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Ethics and Ethical Decision Making in the Criminal Justice System is a textbook written with students in both undergraduate and graduate ethics courses in mind. Some of the latest case studies include examples of unethical conduct within the three major components of our criminal justice system (police, court, and corrections). Students are provided the tools they need to develop an understanding of the importance of ethics and why they need to be practiced on a regular basis. An ethical decision making pyramid was created to show the importance of several factors and areas that encompass ethical decision making. These begin with individuals developing personal values that support ethical behavior and decision making before entering the criminal justice field and encompass many areas that proceed up the triangle including field training, operational rules and values, law enforcement cynicism, ethics training, a code of ethics, and following the U.S. Constitution and laws. Coupled with this is an eight step ethical dilemma decision making process that was also created by the author.
After discussing the contributions and significance of the work of many of the Greek philosophers and consequentialists, moral stages, the types of ethics, and branches of ethic systems and schools are discussed. Class exercises will generate critical thought and discussion for both the online and on campus class settings. Students will learn about some of the most horrific cases of police, judicial, and corrections agency conduct and more importantly, how this can be prevented. The significance of the police culture and subculture in systemic police corruption is discussed along with actual examples of how this occurred.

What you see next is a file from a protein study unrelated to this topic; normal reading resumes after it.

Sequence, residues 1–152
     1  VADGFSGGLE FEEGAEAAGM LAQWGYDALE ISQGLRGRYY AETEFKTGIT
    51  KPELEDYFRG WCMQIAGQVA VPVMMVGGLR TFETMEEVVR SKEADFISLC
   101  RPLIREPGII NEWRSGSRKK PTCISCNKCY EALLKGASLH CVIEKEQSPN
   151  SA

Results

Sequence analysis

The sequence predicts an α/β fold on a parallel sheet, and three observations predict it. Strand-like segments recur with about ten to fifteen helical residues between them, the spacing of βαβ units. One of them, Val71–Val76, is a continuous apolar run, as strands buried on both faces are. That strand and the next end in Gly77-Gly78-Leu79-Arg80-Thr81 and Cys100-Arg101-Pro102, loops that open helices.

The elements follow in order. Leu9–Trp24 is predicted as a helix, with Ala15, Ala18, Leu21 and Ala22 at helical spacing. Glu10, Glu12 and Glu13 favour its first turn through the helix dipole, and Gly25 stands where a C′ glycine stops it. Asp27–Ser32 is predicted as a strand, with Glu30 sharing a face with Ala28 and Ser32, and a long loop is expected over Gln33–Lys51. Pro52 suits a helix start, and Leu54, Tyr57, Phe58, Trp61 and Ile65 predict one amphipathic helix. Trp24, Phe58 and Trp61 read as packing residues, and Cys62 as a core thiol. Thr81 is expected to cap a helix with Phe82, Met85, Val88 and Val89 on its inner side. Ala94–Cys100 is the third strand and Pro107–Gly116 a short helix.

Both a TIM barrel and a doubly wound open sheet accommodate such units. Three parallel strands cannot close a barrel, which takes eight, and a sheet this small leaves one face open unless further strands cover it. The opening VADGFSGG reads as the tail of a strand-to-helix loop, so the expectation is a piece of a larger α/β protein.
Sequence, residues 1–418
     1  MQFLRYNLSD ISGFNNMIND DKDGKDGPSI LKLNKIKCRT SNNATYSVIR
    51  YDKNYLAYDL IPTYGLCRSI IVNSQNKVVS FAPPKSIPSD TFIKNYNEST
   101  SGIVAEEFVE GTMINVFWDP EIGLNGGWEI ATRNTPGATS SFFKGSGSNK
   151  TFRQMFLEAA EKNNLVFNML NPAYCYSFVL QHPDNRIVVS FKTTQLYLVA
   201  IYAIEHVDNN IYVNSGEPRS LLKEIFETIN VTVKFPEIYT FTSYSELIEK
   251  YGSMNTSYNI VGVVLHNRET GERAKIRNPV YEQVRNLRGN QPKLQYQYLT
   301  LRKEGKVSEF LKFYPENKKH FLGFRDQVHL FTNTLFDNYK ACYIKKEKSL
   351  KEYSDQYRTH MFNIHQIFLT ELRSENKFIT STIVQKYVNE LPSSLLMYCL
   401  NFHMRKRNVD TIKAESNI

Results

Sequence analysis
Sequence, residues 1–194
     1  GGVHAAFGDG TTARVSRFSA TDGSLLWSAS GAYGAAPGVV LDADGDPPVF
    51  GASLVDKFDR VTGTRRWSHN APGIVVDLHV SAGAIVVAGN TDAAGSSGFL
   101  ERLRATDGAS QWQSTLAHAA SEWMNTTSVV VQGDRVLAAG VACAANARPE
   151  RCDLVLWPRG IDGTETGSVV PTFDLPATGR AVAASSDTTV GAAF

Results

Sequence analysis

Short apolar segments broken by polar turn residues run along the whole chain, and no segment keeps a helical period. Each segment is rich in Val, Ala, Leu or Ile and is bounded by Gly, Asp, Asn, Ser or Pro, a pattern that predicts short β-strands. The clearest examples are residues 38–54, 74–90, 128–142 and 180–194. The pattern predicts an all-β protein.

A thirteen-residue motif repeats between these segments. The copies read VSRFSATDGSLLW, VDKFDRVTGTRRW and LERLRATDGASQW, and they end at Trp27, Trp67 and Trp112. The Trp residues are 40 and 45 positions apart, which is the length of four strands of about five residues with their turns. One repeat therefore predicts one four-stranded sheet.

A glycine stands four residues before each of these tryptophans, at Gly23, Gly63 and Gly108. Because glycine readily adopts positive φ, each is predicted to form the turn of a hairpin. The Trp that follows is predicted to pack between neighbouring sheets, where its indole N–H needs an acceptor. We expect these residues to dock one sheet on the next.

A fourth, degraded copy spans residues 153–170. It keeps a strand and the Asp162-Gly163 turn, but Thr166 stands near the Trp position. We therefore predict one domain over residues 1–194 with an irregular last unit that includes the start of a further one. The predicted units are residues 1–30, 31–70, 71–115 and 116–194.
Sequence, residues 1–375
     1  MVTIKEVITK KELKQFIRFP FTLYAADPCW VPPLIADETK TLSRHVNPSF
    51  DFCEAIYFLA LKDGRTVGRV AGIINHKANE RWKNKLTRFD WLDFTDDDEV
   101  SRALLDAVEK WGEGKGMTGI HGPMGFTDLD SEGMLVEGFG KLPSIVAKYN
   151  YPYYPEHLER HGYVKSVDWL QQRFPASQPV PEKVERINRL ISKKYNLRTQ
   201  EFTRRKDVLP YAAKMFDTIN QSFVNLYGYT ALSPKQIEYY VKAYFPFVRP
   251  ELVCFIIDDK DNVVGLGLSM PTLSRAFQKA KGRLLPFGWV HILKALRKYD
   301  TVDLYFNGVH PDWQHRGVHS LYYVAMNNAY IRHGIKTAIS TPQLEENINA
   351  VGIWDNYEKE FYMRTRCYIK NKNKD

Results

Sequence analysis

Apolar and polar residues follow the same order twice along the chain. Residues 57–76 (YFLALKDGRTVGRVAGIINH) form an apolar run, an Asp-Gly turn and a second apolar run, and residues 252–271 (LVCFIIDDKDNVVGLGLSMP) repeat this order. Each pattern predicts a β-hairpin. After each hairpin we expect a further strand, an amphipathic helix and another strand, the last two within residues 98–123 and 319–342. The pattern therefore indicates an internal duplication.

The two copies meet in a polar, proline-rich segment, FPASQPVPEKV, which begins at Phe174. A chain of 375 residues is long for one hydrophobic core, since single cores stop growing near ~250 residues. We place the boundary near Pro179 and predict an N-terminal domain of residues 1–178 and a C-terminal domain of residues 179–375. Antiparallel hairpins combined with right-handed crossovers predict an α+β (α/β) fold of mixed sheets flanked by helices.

The use of ethical and non-ethical discretion among the various professionals in the criminal justice system is discussed. The police use of force is critically examined and discussed along with the importance of training and strong policies and supervision. A chapter is dedicated to the recent events and police reform efforts and some of the unintended consequences of this are critically discussed with examples. The closing chapter examines proactive measure to increase ethics in policing. Some of the cutting edge police training that is occurring throughout the country that has and is making a positive difference is critically discussed. This includes training officers to become active bystanders in making positive differences which can save lives, families, and careers. “What we have learned or Not Learned from the LAPD Rodney King Case to the Minneapolis George Floyd Case is critically discussed as a separate topic. What organizational factors within the Minneapolis Police department led to George Floyd’s death and how could these have been prevented? These issues are critically examined and discussed in the textbook.
This textbook will discuss the necessary foundation to not only understand the importance of ethics, but provide both those aspiring to enter the criminal justice field, and those already within it, the foundation to understand the field of ethics and unethical conduct from not only a theoretical, but more importantly, a practical perspective. The course principles, concepts and learning objectives can be directly applied in policing and other criminal justice fields.